The guys who can repair machinery and troubleshoot mechanical communication problems, see where new solutions need to be brought in and where traditional tactics will still work just fine, and design and configure a workplace in their heads — those guys are, on average, 56 years old. That means that a lot of these invaluable workers have already retired, and more will soon follow.
This is as it should be. You don’t want guys on the factory floor at 92 when they should be out playing golf. The problem is, the retirement part of the industrial lifecycle is still in place, but the other parts aren’t.
Just as a frog goes from an egg to a tadpole, to a mature frog, factory workers used to go from students to apprentices to mature factory workers before they retired.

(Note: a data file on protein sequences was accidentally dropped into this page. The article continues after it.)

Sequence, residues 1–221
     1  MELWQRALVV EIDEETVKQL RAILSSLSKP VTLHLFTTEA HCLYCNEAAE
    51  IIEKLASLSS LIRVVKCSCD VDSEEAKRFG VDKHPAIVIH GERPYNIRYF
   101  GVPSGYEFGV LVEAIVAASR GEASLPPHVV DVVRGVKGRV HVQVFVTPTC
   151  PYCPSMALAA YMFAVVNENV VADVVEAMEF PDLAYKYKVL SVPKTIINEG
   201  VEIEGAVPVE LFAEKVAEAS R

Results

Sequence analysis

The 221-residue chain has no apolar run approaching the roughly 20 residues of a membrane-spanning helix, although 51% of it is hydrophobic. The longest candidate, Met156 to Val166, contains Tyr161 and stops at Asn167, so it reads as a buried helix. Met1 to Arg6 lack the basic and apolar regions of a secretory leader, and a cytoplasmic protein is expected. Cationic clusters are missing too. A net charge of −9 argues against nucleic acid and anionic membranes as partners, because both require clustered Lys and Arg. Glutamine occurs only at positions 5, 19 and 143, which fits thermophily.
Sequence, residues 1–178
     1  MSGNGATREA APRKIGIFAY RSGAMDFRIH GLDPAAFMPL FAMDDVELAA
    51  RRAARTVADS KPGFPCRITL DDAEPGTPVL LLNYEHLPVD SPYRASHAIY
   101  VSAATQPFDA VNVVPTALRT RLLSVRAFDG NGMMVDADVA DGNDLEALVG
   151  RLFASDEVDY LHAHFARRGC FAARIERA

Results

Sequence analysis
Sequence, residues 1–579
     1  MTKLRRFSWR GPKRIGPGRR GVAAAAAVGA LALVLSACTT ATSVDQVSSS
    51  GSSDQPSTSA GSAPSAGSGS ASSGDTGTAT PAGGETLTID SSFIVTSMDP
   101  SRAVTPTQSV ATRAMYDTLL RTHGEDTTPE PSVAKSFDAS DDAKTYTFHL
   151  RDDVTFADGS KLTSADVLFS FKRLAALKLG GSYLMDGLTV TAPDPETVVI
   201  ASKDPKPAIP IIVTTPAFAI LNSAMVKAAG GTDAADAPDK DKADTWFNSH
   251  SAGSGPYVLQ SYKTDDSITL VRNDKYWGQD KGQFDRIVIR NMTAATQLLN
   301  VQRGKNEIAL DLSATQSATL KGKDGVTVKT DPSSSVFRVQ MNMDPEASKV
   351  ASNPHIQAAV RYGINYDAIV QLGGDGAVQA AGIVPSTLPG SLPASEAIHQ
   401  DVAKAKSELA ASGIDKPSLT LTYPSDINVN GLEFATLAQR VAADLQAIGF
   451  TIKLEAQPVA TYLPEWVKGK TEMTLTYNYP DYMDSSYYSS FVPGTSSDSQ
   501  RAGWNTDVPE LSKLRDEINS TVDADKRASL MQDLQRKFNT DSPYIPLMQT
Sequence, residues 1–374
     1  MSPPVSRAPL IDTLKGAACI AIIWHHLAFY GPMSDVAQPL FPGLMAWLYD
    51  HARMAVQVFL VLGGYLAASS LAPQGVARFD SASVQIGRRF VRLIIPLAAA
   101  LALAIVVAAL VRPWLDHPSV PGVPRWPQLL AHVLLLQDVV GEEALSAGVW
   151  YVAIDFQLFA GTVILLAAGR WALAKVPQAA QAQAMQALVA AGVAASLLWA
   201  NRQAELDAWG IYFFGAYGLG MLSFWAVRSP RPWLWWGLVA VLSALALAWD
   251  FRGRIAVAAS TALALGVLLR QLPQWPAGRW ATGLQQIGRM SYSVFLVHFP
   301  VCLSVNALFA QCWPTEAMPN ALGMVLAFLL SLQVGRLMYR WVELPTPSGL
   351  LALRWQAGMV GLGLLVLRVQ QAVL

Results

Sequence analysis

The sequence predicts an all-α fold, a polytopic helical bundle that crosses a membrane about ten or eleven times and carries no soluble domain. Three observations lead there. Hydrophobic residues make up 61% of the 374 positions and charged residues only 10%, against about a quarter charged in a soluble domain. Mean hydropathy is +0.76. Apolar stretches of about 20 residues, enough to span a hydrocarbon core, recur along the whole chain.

During the offshoring boom, however, factory workers lost their jobs and factory jobs became less desirable in the minds of students. Shop classes closed down and apprenticeship programs folded. Now there are few students who are prepared — in knowledge or in attitude — to enter industrial jobs.
But some companies are replacing the missing link in the life cycle by offering apprenticeship programs. Rexroth, with roots in Germany where apprenticeships have been holding strong since the Middle Ages, is a leader in this area.
Other companies are following, though. Steel worker apprenticeship programs are springing up in the steel belt, where they show videos of modern steel mills to change the mental image of the grandchildren of steel workers.
Rexroth offers apprenticeships in mechatronics and mchining in South Carolina, where they start their outreach in elementary schools, before the allure of machines gets tarnished by misconceptions about modern factories.
Apprenticeships are the best shot at ending the skills gap and avoiding a shortage of industrial workers in the future. In the meantime, we have the expertise you need to keep your Rexroth electric motion control running.